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Phosphate Banned!

Discussion in 'Pesticide & Herbicide Application' started by RoyaleRcr, Apr 21, 2002.

  1. RoyaleRcr

    RoyaleRcr LawnSite Member
    Posts: 49

    On Friday our Governer Jesse"No Mind" Ventura signed a law banning the use of fertilizers containing phosphate. Your thoughts?
     
  2. Move????
    Coup???
     
  3. dougaustreim

    dougaustreim LawnSite Senior Member
    Posts: 488

    Here in eastern SD just across the border, we have not used phosphorus in our standard lawn mix for 15 years. A large percentage of the lawns we treat have been on the program the entire time, with no adverse result.

    In this part of the country, soil tests consistently show excessive amounts of phosphorous and potash as well.

    Letting them ban potential pollutants that we really won't miss at all, gives us more leverage to keep the uses of the products we really need

    Doug Austreim
    Austreim Landscaping Inc
     
  4. tremor

    tremor LawnSite Bronze Member
    Posts: 1,476

    We sell what we call "zero phos" fertilzers all the time in those markets that are having Phosphorous related troubles. There aren't really any agronomic problems you can expect, though you should emphasize the need for correct soil Ph to insure what P is there is also available to plants. Companies that sell fertilizer should respond with a good selection of no-phos blends that will fit your program. Phos can cause more problems with weeds & you may enjoy the removal in the long term. Summer anual weeds enjoy the surplus P that many applicators use. Creeping & vining weeds typically benefit from surplus P too.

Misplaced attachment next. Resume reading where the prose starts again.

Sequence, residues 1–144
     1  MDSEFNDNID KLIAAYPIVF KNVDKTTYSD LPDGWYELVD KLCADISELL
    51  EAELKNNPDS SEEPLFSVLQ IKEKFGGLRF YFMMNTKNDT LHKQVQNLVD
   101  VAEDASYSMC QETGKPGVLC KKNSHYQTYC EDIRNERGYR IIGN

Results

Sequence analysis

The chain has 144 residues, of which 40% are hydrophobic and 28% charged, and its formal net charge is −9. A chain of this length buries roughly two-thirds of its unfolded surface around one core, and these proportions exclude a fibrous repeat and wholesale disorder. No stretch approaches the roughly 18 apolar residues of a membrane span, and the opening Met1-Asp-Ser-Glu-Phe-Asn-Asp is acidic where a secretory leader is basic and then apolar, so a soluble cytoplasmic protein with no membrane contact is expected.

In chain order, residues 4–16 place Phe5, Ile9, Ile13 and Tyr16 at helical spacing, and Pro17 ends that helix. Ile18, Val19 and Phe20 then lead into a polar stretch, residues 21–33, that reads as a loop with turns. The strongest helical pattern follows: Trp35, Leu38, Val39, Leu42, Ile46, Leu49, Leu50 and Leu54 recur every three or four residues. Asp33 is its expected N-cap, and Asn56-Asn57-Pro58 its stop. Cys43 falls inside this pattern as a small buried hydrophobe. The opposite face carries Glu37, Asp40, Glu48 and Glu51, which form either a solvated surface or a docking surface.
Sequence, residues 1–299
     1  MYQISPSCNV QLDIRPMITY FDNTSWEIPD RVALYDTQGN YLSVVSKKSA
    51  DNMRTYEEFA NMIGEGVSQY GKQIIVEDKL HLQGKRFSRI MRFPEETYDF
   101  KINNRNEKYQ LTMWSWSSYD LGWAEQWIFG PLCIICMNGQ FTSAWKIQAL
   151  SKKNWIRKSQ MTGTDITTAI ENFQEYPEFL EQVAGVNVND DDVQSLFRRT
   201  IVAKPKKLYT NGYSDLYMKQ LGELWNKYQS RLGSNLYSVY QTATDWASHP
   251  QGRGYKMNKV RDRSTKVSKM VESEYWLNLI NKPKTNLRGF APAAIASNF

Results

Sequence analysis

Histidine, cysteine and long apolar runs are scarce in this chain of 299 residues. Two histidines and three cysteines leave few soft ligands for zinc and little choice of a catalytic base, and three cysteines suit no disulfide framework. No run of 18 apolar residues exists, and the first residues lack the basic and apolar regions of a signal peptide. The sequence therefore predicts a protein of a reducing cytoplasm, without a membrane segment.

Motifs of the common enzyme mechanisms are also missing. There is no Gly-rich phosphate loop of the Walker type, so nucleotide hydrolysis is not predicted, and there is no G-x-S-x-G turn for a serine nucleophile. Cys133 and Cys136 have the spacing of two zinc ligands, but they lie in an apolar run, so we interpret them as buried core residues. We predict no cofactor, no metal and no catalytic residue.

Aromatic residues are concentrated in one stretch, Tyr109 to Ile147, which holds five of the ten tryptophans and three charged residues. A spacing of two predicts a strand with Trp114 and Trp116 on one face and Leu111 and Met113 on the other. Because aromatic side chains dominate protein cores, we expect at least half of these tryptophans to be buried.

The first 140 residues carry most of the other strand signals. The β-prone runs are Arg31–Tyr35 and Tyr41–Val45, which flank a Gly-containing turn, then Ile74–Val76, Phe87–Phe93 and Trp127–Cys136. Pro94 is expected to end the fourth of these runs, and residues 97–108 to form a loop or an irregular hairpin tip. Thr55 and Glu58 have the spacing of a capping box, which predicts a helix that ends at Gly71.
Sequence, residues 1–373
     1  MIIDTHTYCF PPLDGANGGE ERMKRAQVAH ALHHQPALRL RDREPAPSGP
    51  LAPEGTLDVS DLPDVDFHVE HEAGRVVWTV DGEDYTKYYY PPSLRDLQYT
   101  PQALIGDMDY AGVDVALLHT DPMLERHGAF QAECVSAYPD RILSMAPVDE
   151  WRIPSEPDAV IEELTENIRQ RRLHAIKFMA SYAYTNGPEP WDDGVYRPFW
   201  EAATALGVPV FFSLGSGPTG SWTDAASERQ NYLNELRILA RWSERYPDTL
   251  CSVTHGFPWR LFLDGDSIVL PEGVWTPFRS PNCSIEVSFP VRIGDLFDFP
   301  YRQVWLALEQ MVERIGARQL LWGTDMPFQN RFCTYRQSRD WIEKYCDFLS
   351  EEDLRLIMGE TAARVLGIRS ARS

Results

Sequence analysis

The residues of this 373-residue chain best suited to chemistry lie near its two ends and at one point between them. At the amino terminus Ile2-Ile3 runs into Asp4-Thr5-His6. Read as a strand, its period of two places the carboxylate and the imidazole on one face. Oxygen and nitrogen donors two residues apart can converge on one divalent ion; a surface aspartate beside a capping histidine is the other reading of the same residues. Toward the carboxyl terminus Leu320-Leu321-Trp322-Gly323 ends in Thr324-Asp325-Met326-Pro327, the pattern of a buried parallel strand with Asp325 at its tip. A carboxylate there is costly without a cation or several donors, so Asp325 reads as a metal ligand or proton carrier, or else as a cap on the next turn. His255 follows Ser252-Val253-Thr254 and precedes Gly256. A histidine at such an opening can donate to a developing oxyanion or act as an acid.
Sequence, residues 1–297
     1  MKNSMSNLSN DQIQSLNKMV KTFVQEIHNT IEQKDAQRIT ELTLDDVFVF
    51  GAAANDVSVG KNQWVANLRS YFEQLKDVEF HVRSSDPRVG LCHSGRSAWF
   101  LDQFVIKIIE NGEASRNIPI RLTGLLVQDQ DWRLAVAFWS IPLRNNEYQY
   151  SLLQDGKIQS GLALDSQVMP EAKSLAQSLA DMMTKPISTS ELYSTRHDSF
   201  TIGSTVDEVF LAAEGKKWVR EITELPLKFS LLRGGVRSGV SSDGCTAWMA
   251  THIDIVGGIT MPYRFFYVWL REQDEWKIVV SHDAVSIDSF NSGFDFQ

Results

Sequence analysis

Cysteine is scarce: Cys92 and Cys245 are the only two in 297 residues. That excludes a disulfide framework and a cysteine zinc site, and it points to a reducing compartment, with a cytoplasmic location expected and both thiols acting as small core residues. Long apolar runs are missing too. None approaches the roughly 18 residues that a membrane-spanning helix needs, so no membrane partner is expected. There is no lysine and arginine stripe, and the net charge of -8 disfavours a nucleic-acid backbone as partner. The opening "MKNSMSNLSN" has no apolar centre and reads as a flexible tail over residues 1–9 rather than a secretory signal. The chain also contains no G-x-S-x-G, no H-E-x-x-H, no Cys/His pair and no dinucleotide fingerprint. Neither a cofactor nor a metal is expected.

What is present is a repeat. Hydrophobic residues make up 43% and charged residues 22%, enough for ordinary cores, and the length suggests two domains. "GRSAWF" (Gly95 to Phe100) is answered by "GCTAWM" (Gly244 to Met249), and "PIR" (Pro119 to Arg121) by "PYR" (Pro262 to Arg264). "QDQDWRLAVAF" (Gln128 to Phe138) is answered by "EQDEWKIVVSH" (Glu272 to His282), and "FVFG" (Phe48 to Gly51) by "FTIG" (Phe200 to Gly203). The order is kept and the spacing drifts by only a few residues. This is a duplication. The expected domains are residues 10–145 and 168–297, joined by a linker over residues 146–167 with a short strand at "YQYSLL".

Also, some preemegrgent herbicides are known to have trouble "coming off" the P when used in fertilizer combination products.
    The trouble with P is one of solubility. P is actual too insoluble. The most readily available & therefore most desirable P source is DAP or diammonium phosphate. The old Triple Super Phosphate could take 200 years to enter the solution entirely. As soluble as DAP is, it will still take 50 years to go entirely into the soil solution. So most applied P has the chance to move laterally during large scale rain events. This runoff is know to enter some of our nations waterways, especially from sheep farming, I'm told. Combined with other domestic, agricultural, & industrial phosphates, our industry needs to do it's part to help improve the nations waters. I think you'll find that it's not hard for us to do without applied P.

    Steve
     

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